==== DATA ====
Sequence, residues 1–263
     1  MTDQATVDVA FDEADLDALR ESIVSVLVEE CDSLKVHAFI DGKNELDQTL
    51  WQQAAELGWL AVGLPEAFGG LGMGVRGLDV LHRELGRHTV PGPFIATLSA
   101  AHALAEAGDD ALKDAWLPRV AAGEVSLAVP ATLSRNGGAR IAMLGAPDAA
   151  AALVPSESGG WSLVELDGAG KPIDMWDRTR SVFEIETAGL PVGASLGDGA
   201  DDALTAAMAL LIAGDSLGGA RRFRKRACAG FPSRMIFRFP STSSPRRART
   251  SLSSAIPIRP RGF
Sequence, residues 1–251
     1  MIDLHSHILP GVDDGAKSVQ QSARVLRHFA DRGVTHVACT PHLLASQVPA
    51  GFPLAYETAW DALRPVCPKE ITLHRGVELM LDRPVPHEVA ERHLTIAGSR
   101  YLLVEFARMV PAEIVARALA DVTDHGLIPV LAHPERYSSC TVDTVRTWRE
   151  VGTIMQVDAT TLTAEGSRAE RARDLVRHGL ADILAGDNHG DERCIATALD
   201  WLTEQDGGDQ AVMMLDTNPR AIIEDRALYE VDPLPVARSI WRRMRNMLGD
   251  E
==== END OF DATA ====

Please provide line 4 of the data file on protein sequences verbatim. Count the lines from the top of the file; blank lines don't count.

   101  AHALAEAGDD ALKDAWLPRV AAGEVSLAVP ATLSRNGGAR IAMLGAPDAA